The following is a video of a shooting between Miami-Dade narcotics detectives and a resident of a marijuana growhouse. There is two camera angles in this embed, the second beginning at 7:43. My opinions are just that and I am not a tactical guru nor I stayed at the Holiday Inn last night. Grain of salt recommended.
We are used to see highly choreographed shootings in TV and the movies, but Real Life is just plain ugly and Murphy is her Significant Other.
Starting with the imperfect timing of the shooter getting in the car and out of the view of the first officer coming toward the house’s driveway. One second…half a second difference and the guy would have seen and taken care possibly without violence.
The first officer missing the guy inside the car. It could have been tunnel vision, a play in light, shadows and reflection on a late July afternoon (The house is facing west as per the shadows in the video,) possible tinting in the car’s glass or a combination of all. Who knows? We cannot predict all the circumstances and we just get to ride them sometimes.
Officers’ reaction at the Individual coming out of the car were just about under 4 seconds from detection to firearm deployed as they were not looking at the car and they were distracted making the arrest of the second individual. Not a criticism but simply how much time it requires to absorb, process & act from an unexpected target even when there must be enough adrenalin already running in the systems.
“No plan survives the first shot” pretty much should explain the rest of the video. The officer closest to the house seeks shelter somewhere after being hit three times in the abdomen which might explain the less than tacticool stance at the end and the three shots to the ground. I don’t care who you are, having a bullet impacting in you will trigger certain “Get me the @#$&! outta here” basic instincts and the according behavior. “In the shootout Detective John Saavedra, 34, was struck below his bullet proof vest; twice in the abdomen and once in the thigh. He was airlifted to Jackson Memorial Hospital and rushed into surgery.” CBS Miami.
The second officer was trying to control the second individual, once the shooting started made a dash for cover behind the car, withdrew his weapon and joined the exchange. His momma raised no fools and he is not getting paid to die unnecessarily. Far from me to say anything against his tactics.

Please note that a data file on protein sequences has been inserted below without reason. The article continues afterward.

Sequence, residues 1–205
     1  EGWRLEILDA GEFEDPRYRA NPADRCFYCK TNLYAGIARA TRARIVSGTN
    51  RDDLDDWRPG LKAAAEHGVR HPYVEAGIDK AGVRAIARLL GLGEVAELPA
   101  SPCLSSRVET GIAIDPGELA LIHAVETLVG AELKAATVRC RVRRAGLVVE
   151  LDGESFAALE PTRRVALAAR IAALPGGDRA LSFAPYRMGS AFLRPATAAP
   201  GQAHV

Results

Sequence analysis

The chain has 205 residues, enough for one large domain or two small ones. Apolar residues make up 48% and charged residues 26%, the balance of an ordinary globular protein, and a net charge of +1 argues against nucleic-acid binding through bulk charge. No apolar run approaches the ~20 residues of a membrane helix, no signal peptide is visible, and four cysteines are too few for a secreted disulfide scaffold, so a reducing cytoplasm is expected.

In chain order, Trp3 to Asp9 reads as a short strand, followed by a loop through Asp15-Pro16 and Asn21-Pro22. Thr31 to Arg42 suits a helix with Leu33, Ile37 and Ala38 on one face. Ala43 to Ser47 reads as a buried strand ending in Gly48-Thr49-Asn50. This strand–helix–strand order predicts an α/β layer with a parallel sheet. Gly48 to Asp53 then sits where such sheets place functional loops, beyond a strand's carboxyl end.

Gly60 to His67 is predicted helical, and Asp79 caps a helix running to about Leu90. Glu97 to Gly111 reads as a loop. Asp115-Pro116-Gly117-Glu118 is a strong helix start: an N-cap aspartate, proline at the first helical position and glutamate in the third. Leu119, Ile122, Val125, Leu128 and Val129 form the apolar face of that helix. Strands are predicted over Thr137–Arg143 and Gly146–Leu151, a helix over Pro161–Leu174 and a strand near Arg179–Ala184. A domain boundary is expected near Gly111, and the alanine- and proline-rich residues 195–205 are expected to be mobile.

The third officer (closest to the street) had the great advantage of the tree in between him and the shooter. Now there is a lesson here: Cover works for both parties, especially if there is only one cover to share. The officer smartly uses the tree to shield himself from the shooter as he engages him and retreats to better cover. I like the footwork.
And now the Shooter. I can’t tell if he came out of the truck shooting but I’d say no from the lack of immediate reaction from the officers. As we know, he managed to get “good” hits on one officer and he used cover but not properly. In the video we see two possible wounds in the torso: one on his left side and possibly one in middle of the chest by what the blood on his back is showing (or maybe the shot came from Detective John Saavedra as the shooter’s back was turned to where he was hiding.) The way he started to favor his right leg may indicate that he got shot there (IDPA Shooters: 100% of the lower body behind cover, remember? His procedural was much longer than three seconds) and then came the head shot. According to the movies, the shooter was supposed to be dead at least twice yet he lasted a long time before he joined the cruise to Hades. “Pistol calibers are inefficient” was one if the first lessons I learned from a couple of instructors that dealt in reality and not Hollywood drama. We carry sidearms because they are lighter and easier to conceal than a rifle or shotgun but we must never forget we are trading efficiency for comfort (and no prison time in most localities.) Even the Mighty .45 is not a good stopper no mater what the faithful say as that was the caliber of shooter’s weapon.
And to close this post, I wonder how many shots were taken by each individual officer. I am willing to bet that at least some of them went over the stipulated NY Safe Act seven rounds and probably more than ten also.
If anybody has a copy of the video or knows where to download one, let me know. This one as teaching moment is a keeper.